Former Romanian rail worker Constantin Pârghi, aged 88, built his own wool carding machine from scratch.
It was an unpleasant situation that started the timeline. Back in 1972, the most rural people would process and spin their own threads. With lots of wool going through so many preparatory processes, it is hard to believe that they ever had any spare time. When manual carding was too much labor, they would travel to another village and card it by machine.
“There was too much weight loss during carding. Somehow, I felt they were stealing from us. It was this experience that triggered my decision to build my own wool carding machine”, he remembers.
“I got instructions and drafts from an ingineer at the carpet factory in Sibiu, a good man. He also gave me the toothed roller covers. I spent a total of 42000 lei on parts”, the equivalent of $1000 in today’s dollars.
VIDEO – How Does a Carding Machine Work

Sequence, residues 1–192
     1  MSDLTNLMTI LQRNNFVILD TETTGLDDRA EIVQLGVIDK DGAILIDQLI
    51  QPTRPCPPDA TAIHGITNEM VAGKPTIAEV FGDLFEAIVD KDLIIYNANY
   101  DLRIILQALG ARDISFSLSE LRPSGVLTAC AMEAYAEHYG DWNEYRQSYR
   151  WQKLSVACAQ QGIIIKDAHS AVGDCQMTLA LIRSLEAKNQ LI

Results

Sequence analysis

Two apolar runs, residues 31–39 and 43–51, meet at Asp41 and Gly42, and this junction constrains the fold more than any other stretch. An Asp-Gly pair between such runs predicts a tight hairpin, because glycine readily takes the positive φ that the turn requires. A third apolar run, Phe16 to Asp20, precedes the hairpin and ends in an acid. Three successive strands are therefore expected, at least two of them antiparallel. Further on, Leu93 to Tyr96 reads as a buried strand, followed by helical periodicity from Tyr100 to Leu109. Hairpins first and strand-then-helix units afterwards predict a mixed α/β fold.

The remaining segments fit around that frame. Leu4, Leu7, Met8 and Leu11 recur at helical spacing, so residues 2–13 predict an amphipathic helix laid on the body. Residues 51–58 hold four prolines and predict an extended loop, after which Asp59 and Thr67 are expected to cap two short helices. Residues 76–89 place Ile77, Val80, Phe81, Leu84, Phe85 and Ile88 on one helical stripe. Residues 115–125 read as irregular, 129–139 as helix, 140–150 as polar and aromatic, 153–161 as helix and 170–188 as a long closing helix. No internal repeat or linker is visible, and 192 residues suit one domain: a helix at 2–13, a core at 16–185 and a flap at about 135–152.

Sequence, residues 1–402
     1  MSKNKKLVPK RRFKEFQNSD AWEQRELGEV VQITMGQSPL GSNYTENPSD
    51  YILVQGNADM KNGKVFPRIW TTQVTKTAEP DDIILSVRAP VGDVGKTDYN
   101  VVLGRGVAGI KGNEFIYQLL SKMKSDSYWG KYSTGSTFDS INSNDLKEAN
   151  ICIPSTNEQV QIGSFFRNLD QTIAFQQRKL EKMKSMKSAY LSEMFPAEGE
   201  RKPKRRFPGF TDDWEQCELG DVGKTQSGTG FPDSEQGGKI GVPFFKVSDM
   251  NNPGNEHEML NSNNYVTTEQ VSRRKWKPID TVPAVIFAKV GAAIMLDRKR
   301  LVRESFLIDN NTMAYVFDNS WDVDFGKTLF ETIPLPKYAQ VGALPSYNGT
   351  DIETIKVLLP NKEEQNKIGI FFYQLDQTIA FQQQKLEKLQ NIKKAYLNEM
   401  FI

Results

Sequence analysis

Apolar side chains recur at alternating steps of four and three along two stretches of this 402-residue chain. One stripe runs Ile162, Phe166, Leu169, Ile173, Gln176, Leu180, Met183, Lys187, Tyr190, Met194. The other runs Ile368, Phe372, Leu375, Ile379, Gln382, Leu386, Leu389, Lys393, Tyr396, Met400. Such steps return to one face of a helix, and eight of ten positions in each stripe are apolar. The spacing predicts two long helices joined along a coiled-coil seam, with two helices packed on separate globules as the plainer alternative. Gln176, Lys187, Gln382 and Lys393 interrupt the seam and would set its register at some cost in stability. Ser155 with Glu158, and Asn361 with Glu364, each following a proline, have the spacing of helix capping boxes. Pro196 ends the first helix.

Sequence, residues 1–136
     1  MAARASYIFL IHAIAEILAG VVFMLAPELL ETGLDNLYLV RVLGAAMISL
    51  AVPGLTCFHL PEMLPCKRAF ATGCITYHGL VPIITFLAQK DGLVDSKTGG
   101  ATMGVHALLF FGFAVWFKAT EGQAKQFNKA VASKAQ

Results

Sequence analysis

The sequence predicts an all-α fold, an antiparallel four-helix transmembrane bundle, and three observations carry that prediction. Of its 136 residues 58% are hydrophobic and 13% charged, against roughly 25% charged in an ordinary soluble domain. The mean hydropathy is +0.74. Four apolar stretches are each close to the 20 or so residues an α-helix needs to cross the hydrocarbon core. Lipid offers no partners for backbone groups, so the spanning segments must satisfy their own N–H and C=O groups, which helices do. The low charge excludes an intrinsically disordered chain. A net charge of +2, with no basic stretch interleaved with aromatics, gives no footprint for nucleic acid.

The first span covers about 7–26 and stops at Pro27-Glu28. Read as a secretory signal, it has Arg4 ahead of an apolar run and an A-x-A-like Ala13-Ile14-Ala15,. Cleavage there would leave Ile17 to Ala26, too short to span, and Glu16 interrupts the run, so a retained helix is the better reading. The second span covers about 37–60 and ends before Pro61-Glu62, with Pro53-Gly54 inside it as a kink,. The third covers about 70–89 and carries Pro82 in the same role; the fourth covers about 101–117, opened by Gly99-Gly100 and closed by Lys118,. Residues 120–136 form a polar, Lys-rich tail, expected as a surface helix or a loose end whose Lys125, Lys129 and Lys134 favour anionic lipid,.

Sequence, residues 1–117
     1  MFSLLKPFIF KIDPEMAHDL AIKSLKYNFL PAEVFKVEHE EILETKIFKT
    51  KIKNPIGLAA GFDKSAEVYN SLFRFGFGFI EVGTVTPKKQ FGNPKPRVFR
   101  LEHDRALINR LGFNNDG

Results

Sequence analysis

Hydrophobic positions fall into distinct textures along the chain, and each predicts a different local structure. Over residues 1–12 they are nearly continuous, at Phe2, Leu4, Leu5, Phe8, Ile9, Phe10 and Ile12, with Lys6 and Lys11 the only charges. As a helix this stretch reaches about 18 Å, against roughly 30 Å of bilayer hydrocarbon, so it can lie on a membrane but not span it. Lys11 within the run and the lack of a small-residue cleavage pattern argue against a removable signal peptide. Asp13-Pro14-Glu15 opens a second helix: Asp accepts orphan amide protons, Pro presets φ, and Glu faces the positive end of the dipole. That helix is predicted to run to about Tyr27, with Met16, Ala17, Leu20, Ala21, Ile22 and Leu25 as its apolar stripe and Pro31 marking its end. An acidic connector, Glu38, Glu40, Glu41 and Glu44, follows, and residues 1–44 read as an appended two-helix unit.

The machine operates on four worker rollers and strippers pulling the fibers on and off the main cylinder. Wool fibers are placed onto the feeder of the carding machine in preparation for carding. After exiting the feeder, the fibers are ready for processing by the machine nippers. The four workers are made of pipes clothed with small metal teeth that are close together, which comb the fibers and align the wool into finer wool. They straighten and separate the wool fibers, removing impurities and tangles.
The remains and small wool fibers fall on the ground. The wool that remains is not thrown away, but spun into sturdy threads that can serve as a rug foundation. The straightened fibers are then transferred from the main cylinder to the fancy and doffer rollers. The carding process results in the cleanest and highest quality wool fibers. The machine can process up to 20 lb raw wool per hour.
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